Custom Events

Discussion in 'Spigot Plugin Development' started by Hunky524, May 26, 2016.

  1. I am wondering how Spigot and Custom Events know when they should and when they should not fire. Let me go in more detail. I was reading on Custom Events in the Bukkit wiki and creating a custom event seems fairly straight forward except for one part; how does the event know what it should and shouldn't deal with. For example, if you had two custom events, one was dealing players attacking each other in a minigame, while the other was dealing with players clicking specific blocks in the minigame. How does minigameAttackEvent know not to fire when the player does not attack anything, and how does miniGameClick event know not to fire if the player has not clicked a block. The wiki seems to give a very generic example and I haven't found many (if any) custom event guides that go into more detail except for one on the bukkit forums. Or maybe I am thinking about this all wrong and every time something happens in the game, every single registered event gets fired and it's up to the customEvent class to filter out what it needs. If anyone could maybe elaborate on the wiki example or explain how events differentiate themselves I would be very grateful :)

    A slightly different example might be, if you have a PlayerDeathEvent and an InventoryClickEvent, how does the death event know to fire on a player death while InventoryClick does nothing and vice-versa?

    Here is the wiki link:
  2. Imagine that you're in the situation and read the wiki carefully and understand what it does and what it says.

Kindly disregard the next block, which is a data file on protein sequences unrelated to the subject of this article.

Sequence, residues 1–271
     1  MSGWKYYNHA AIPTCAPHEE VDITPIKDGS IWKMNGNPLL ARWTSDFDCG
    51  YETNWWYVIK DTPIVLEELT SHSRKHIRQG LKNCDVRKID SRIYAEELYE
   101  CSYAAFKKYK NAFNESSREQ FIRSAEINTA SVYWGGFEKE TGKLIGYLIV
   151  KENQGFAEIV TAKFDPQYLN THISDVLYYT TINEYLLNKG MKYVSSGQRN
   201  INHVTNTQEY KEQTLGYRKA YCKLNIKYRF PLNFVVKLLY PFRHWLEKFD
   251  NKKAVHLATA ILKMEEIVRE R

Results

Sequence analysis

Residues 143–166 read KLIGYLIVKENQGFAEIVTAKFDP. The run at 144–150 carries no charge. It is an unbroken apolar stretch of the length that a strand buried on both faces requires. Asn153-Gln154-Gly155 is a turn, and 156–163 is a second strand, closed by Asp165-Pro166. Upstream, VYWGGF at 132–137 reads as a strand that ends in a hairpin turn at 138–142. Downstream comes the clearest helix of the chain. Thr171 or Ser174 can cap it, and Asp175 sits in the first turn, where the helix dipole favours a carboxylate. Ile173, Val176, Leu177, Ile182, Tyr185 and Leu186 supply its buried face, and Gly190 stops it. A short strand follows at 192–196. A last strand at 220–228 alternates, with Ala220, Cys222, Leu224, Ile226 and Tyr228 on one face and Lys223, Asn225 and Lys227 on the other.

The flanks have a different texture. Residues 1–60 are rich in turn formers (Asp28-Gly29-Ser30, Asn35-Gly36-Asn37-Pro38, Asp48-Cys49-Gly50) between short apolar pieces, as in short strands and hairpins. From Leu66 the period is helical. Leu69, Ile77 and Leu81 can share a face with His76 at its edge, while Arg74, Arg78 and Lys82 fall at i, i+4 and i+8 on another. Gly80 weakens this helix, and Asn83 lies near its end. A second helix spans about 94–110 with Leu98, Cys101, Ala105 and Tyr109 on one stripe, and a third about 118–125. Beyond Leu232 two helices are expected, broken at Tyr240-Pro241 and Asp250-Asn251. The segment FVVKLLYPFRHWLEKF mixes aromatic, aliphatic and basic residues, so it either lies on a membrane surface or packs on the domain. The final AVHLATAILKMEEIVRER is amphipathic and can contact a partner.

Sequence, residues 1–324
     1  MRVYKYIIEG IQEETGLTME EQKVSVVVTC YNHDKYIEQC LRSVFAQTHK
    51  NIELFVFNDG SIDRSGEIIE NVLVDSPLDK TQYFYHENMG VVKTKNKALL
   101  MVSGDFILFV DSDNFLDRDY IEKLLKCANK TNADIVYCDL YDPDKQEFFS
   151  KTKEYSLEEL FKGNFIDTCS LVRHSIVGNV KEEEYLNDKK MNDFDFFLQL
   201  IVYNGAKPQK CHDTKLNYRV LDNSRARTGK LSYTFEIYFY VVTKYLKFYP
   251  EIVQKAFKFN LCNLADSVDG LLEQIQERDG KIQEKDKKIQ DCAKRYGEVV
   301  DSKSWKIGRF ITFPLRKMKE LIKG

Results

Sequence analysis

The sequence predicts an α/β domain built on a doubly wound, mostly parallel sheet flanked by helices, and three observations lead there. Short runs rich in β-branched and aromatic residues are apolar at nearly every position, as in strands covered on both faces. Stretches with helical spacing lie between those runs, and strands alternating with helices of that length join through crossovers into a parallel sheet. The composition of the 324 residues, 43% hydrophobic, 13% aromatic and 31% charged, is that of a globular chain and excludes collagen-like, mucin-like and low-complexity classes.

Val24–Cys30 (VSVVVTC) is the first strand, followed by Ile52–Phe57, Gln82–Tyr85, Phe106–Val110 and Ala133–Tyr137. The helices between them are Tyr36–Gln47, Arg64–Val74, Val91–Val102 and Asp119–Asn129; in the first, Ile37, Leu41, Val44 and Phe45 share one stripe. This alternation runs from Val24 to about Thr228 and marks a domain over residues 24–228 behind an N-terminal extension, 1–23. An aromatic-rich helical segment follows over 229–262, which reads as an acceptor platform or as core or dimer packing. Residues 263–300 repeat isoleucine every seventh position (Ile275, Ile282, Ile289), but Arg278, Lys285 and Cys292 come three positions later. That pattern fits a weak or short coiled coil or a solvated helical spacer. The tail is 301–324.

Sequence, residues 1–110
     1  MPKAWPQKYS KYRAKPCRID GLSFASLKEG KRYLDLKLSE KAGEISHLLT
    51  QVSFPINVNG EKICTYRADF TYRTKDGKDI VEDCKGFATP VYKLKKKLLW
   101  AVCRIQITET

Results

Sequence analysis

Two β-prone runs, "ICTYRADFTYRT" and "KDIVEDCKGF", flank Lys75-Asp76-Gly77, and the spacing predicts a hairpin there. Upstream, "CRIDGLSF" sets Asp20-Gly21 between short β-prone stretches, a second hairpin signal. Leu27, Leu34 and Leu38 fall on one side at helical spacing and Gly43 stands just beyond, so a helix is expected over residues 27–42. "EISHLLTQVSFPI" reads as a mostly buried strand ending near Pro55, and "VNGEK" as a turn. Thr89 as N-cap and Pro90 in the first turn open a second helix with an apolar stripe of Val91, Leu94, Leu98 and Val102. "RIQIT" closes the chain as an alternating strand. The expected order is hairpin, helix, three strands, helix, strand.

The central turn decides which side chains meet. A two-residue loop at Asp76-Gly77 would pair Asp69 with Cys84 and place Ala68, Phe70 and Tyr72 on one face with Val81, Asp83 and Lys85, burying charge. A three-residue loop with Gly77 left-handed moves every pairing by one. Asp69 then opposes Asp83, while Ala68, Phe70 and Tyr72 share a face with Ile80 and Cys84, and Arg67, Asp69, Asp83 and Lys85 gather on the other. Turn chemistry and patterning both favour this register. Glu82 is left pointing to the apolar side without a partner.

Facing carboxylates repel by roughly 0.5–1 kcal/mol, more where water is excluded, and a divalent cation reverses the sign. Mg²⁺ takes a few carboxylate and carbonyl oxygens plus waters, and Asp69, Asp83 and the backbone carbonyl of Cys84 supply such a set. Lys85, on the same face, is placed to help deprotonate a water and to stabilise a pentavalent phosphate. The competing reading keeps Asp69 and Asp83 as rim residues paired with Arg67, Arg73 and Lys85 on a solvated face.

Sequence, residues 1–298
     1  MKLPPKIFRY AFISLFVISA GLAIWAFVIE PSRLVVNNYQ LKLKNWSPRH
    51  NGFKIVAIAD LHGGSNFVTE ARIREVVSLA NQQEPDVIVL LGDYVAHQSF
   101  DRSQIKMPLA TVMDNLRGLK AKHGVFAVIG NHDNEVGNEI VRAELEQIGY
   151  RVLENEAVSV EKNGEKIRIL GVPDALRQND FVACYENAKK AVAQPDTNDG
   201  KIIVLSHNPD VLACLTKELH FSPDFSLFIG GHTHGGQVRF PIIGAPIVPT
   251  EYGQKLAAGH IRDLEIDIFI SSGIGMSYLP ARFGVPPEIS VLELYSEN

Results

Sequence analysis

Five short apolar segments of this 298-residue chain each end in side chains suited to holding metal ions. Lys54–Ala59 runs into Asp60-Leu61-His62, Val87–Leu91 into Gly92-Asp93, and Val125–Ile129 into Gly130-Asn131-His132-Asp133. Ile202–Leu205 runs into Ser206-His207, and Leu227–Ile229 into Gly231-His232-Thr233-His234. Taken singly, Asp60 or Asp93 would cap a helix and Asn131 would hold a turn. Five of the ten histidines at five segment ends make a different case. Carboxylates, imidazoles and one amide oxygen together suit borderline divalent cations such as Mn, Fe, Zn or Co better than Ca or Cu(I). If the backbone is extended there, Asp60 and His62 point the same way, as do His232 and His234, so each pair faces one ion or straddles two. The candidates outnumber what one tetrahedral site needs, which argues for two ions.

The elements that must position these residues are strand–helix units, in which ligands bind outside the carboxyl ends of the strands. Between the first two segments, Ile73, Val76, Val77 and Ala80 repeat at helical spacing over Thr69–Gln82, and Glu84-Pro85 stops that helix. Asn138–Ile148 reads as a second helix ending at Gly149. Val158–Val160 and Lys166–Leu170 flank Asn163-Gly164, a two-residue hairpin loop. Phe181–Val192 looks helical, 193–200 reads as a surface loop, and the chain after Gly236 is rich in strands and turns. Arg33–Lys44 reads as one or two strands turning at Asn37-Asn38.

3. clip


    If you make a custom event you have to call the event yourself when you want it to fire.
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  4. You (the event creator) call the events yourself. See this section

    For example in a plugin I was working on I had a MineResetEvent. Inside the method for resetting a mine I would build a new MineResetEvent and call it with the method above. If you don't run the callEvent method nothing is going to happen. There is no magic that takes a look at the name of your class and decides when things should happen.
  5. Think of events as a person that screams out "Hey! This just happened, or is about to happen!" You need to create the event and call it. Then, depending on what your event allows modification of, you need to update what's going on in your code using the values from the event after its been called.

    The call process actually stops your code right where it was called. All listening plugins will get a chance to listen to it on all priority levels, and then finally your code will continue like normal.

    Take this for example. Lets say you are teleporting a player somewhere.
    Code (Text):

    Location loc = new Location(world, 100, 64, 150);
    Simple enough. But lets add an event to it to notify other plugins about this and allow them to cancel or even manipulate the teleport location:

    Code (Text):

    Location loc = new Location(world, 100, 64, 150);

    // create the event and populate with data
    CustomEvent myEvent = new CustomEvent(player, loc);

    // call the event (notify all other plugins)

    // check if event was cancelled (if event is cancellable)